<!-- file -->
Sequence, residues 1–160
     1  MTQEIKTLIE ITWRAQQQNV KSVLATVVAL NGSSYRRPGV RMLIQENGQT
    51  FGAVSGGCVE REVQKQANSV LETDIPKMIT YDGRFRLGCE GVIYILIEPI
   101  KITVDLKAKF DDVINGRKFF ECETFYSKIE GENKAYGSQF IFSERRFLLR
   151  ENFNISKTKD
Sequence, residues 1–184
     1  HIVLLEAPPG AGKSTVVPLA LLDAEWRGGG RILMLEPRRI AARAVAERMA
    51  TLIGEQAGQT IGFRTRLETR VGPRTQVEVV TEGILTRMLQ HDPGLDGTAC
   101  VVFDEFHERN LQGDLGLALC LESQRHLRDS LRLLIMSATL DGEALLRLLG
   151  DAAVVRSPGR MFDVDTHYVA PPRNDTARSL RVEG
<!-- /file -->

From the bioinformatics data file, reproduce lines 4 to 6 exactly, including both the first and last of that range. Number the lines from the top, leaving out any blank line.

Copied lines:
   101  KITVDLKAKF DDVINGRKFF ECETFYSKIE GENKAYGSQF IFSERRFLLR
   151  ENFNISKTKD
Sequence, residues 1–184